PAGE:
When your manager is also a fan, you know there will be a reaction. He hurts as much as we do.
A target of four wins out of four would be set by the gaffer, starting with Partick Thistle at Celtic Park on the Wednesday, followed by our nearest rivals Aberdeen on Saturday, with a trip to Dundee to take on The Dee on Boxing Day. Our last challenge of the four would be a home game against the new club, so many of the headline writers drool over, on the 30th of this month.
Thus far, Celtic have won all three games played since the Tynecastle game, scoring seven goals WITHOUT RETURN! Yip, the shambles of a defence so many criticised a week and a half ago, have not conceded in 270 minutes of league football, including a game against the second placed club, and a tricky away fixture at Dundee, who only a few weeks ago beat the aformentioned new club.
But have Celtic received the same praise for their response to losing our unbeaten record?
Not a chance, the silence of the SMSM tells us they’re not happy that Brendan and the Bhoys have returned to winning ways, especially with their favourites next in line…..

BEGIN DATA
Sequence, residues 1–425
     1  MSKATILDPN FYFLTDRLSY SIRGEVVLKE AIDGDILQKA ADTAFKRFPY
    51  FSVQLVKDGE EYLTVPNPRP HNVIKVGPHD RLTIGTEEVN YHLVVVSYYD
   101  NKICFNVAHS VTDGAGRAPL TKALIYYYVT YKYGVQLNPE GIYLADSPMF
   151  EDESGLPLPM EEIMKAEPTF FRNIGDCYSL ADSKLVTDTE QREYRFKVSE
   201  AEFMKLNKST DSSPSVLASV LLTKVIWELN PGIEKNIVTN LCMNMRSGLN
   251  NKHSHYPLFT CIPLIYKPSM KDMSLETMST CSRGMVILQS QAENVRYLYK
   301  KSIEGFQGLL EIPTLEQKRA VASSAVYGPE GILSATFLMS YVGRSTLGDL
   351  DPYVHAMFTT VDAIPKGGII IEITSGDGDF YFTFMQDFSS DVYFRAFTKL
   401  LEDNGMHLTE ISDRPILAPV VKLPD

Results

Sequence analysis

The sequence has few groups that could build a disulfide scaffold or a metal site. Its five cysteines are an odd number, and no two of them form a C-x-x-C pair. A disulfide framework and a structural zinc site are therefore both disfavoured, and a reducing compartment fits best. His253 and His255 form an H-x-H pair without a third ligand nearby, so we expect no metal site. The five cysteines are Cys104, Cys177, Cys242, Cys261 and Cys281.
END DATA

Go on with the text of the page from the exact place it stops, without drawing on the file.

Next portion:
Celtic’s unbeaten domestic run was bound to end at some point, but I doubt if anyone really considered Tynecastle yesterday as the possible venue for it to happen.
Prior to the game Hearts had only won one of their last six games, and Celtic although unbeaten, were playing well within themselves, scraping results instead of winning convincingly.
Regardless, the Champions would have enough in the tank to take care of the Gorgie outfit. Or so we thought.
The signs were ominous early on as player after player found keeping their feet difficult, slipping time and again. The Celtic players that is, the home side had no such problems and were on top of everything we did.
They did have an unsuspecting ally on their side in the shape of referee Willie Collum who allowed the home side to leave as much on the Hoops as they wished without fear of punishment, in particular Kyle Lafferty who repeatedly left an elbow on Dedryck Boyata, then smashed Kieran Tierney on the touchline.
The last incident was his FIFTH offence.
However, those tactics did unsettle the Bhoys, and two unforced errors gave the home side all the encouragement they needed to take a well deserved 2-0 interval lead.
Brendan changed a couple of personnel at half-time, bringing on Stuart Armstrong and Moussa Dembele for Kieran and Olly Ntcham, hoping we could repeat the heroics of Fir Park last season when we overturned a 0-2 deficit into a 4-3 win.